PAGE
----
2. I would be pissed too if I wasn’t even allowed to contact my full-blooded siblings once, too. It’s weird that Korean law doesn’t allow contact unless with permission. I thought all bets are off once someone’s of legal age. Haha!

    • It makes sense that once you’re an adult, it shouldn’t matter, but it appears to does in Korea! X_X;

  3. I’m sorry you’re biological parents are preventing you from having a relationship with your siblings. I don’t know about the situation you’re in with your biological parents from experience, but I empathize. My dad has two sons with his second wife that are seventeen years younger than me. I’ve only met my brothers once and I’ll likely never see them again, and sometimes I think about them and wish I could have a better relationship. Of course there’s nothing that stops me from reaching out to them, I’m sorry the law would block you from contacting your siblings even as adults. But I’m glad you have family and sometimes the family that we choose, or has chosen us, is a far better option.

    • If you really want to form a relationships with your half-brothers, why not go for it? I understand it is awkward, though, so I don’t blame you for not meeting them often. ^^

  4. I’m one of the oldest in my generation as well, which isn’t good for me because there are a lot of expectations out of me XD. Even though your biological parents are not keen on telling you about your blood-related siblings, you still have your family who took you in and raised you to be a great person :). Maybe somewhere down the line, you’ll have a chance to meet them. Going out of your way and breaking the law is a big no-no! I don’t think it’s worth the punishment because you have a lot ahead of you (you already know that XD) :).

    • Yeah, it’s certainly not worth breaking any laws to try and meet them without parental permission!

      I totally get the expectations things. For me, it was more of a, “You’re the oldest, so you need to do the right thing to be a role model and take care of them.” Did not like that, haha!

  5. Chantelle on

    That’s rough. I hope minds change and that you’ll be able to meet them someday. I suppose the mother is terrified that the discovery will ruin her place in the family.

    • Yeah, I understand her fears of being judged and all, but I feel like at this point she doesn’t have much of a choice ~_~; Buuuuut, I’m not that evil, so I won’t do anything. Yet. But I will want to meet my siblings at least once.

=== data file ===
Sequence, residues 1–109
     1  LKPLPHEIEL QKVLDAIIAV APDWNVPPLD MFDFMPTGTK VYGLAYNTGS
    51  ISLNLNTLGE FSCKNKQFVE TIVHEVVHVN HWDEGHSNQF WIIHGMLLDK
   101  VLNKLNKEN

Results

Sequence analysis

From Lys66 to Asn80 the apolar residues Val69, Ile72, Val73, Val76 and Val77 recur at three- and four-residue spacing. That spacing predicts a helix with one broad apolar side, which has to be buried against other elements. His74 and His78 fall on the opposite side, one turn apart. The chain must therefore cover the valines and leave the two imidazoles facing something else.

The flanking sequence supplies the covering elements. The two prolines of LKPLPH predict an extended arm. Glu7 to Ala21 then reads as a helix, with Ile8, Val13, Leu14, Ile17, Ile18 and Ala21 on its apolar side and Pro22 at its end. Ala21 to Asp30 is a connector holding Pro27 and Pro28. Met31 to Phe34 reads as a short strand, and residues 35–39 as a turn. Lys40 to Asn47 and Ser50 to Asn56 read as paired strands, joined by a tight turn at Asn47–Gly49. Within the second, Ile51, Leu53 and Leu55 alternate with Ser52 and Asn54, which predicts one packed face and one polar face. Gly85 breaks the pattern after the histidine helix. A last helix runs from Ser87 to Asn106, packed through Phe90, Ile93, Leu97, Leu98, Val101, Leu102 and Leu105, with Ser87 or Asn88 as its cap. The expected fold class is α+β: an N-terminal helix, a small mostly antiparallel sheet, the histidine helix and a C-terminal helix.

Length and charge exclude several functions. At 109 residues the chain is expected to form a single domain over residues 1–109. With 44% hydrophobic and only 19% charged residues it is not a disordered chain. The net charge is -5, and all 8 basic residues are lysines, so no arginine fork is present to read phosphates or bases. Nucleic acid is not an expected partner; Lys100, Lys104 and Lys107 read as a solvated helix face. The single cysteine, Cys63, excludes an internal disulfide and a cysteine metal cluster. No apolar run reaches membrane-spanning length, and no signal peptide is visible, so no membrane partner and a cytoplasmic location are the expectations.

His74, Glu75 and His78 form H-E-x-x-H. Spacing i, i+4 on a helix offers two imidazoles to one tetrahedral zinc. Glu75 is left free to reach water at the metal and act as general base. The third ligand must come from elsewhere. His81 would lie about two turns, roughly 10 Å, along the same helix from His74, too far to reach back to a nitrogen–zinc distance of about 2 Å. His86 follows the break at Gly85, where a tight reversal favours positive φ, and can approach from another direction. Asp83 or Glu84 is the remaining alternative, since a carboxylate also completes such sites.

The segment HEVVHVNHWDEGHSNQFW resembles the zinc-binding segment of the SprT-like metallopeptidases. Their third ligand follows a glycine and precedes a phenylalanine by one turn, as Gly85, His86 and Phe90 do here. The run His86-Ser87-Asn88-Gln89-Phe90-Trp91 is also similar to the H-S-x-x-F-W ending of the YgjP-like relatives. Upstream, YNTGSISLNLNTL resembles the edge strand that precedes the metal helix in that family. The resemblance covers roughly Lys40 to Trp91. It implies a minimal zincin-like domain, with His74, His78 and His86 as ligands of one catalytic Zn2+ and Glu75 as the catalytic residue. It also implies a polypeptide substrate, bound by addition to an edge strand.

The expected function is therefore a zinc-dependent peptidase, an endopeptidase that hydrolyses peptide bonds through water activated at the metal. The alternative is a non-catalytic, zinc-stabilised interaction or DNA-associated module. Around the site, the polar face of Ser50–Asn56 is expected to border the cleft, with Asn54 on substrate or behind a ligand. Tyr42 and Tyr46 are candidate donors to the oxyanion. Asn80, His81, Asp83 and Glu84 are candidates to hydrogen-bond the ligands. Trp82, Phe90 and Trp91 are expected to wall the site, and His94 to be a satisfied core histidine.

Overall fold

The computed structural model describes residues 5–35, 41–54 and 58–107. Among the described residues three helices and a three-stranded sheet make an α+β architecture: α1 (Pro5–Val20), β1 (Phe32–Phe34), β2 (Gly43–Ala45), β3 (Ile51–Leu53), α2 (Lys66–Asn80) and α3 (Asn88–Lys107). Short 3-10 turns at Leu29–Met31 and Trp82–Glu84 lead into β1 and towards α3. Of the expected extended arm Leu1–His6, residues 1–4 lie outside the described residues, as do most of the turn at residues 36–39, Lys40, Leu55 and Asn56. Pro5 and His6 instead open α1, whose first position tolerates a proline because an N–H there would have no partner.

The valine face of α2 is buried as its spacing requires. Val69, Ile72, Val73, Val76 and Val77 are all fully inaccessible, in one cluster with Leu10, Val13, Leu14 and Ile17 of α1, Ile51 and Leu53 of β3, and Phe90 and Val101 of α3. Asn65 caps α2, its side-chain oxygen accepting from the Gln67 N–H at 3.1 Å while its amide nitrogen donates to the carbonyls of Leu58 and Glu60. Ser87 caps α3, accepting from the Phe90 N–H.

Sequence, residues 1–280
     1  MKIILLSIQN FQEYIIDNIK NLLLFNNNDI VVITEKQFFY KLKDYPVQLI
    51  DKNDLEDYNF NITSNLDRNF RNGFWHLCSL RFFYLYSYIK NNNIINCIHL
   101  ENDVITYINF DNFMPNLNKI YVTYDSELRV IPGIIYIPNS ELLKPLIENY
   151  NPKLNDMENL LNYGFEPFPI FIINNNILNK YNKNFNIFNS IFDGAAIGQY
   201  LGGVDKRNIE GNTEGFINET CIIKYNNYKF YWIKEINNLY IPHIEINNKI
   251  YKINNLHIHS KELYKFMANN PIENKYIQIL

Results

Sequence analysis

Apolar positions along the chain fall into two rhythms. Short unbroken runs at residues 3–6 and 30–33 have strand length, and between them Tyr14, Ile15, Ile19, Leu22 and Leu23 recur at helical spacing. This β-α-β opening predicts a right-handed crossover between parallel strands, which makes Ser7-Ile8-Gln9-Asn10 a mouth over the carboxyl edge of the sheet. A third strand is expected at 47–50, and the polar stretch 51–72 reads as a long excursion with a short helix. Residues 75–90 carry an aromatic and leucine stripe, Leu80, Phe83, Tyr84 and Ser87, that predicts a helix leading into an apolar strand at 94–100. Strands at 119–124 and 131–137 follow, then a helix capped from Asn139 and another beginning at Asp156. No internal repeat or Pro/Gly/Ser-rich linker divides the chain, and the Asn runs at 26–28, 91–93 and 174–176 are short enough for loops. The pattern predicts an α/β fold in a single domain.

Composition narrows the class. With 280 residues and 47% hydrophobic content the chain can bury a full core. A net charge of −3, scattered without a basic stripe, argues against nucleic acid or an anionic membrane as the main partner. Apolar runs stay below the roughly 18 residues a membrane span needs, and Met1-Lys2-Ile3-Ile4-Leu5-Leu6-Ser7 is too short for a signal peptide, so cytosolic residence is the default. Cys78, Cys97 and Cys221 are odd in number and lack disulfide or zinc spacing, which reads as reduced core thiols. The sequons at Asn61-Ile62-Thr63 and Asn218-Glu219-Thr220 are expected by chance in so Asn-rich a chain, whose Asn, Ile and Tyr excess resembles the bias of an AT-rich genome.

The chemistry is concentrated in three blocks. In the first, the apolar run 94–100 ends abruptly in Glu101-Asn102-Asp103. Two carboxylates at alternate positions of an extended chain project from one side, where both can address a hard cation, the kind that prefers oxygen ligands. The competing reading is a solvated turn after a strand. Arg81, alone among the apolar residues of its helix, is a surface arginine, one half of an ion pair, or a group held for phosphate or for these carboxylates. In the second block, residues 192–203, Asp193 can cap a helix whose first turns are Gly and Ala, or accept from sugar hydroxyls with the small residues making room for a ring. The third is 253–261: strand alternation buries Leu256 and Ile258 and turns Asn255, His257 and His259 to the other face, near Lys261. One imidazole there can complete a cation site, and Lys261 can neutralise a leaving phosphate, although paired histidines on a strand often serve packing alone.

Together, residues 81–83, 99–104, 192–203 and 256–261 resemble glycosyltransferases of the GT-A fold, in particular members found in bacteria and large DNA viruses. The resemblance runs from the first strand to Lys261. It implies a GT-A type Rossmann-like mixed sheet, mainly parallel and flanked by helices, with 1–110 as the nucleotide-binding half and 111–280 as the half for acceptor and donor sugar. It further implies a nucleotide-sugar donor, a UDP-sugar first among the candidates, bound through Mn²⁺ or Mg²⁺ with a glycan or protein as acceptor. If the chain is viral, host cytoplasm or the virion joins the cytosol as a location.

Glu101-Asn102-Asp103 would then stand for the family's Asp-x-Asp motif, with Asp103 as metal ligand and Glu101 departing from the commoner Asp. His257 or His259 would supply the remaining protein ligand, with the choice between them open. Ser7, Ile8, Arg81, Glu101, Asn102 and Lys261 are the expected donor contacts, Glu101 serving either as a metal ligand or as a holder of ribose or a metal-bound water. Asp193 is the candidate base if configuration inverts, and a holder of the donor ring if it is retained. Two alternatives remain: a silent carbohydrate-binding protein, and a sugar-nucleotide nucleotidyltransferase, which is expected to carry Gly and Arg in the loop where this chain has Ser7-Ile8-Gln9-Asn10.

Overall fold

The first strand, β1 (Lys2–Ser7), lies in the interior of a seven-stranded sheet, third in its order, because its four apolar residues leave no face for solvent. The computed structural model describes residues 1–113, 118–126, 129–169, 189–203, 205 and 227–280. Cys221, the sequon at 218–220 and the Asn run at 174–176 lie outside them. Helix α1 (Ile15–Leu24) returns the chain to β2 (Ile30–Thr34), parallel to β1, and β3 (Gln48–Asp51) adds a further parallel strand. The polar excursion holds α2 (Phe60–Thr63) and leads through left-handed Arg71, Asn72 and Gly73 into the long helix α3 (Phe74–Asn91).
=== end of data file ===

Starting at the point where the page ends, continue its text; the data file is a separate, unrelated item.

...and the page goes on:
6. What if you asked to only have the names and promise not to contact without her permission, for cases when you need a first-degree relatives’ donation, etc? Surely the law would allow for that after she passes?

    On the other hand, people probably won’t like to be reminded of their mortality. Hmm…

    • Something tells me first-degree donation wouldn’t come out of all of this. I don’t know. I just get the sense that they are not very nice people . . .

  7. Oh wow, I really didn’t know such a strong law existed and to have such life long impact. Not just up until adulthood. (Though…I feel like I understand some k-dramas better suddenly….)

    I hope you’ll get to meet them someday, but it seems like you already have your true family with you.

    • LOL at the K-drama comment. Yeah, Koreans can be a bit wacky at times xD;

  8. Wow that really sucks. I don’t understand the mindset of people who would be… I dunno, angry? Upset? about finding out that they actually have another sibling out there. Even if you find that you don’t click with this other person when you meet them, don’t you want to at least find out?

    I’m thinking it’s more so your bio mother fearing that her kids would react poorly to the news and how they might view her rather than being upset about you.

    • Yeah, I would like to meet them at least once to see if we do click. If not, and if it’s a one-time opportunity, then that’s fine, too. I’ve a feeling that the siblings would react quite poorly. And if they are receptive to me, they may get even more angry that they weren’t told when I’d searched and found them several years ago.

  9. It’s unfortunate that it’s the korean law that is getting in the way of trying to connect with your own bloodline. I can’t imagine how the process was like and what you’ve felt through all the way, but your anger is just, but I hope that you’ll find a way to overcome it and get to meet them! Then it would be a party :)

    • I don’t think it will be a party, haha! It’d be one awkward party at the least XD I do hope I’ll meet them one day. :3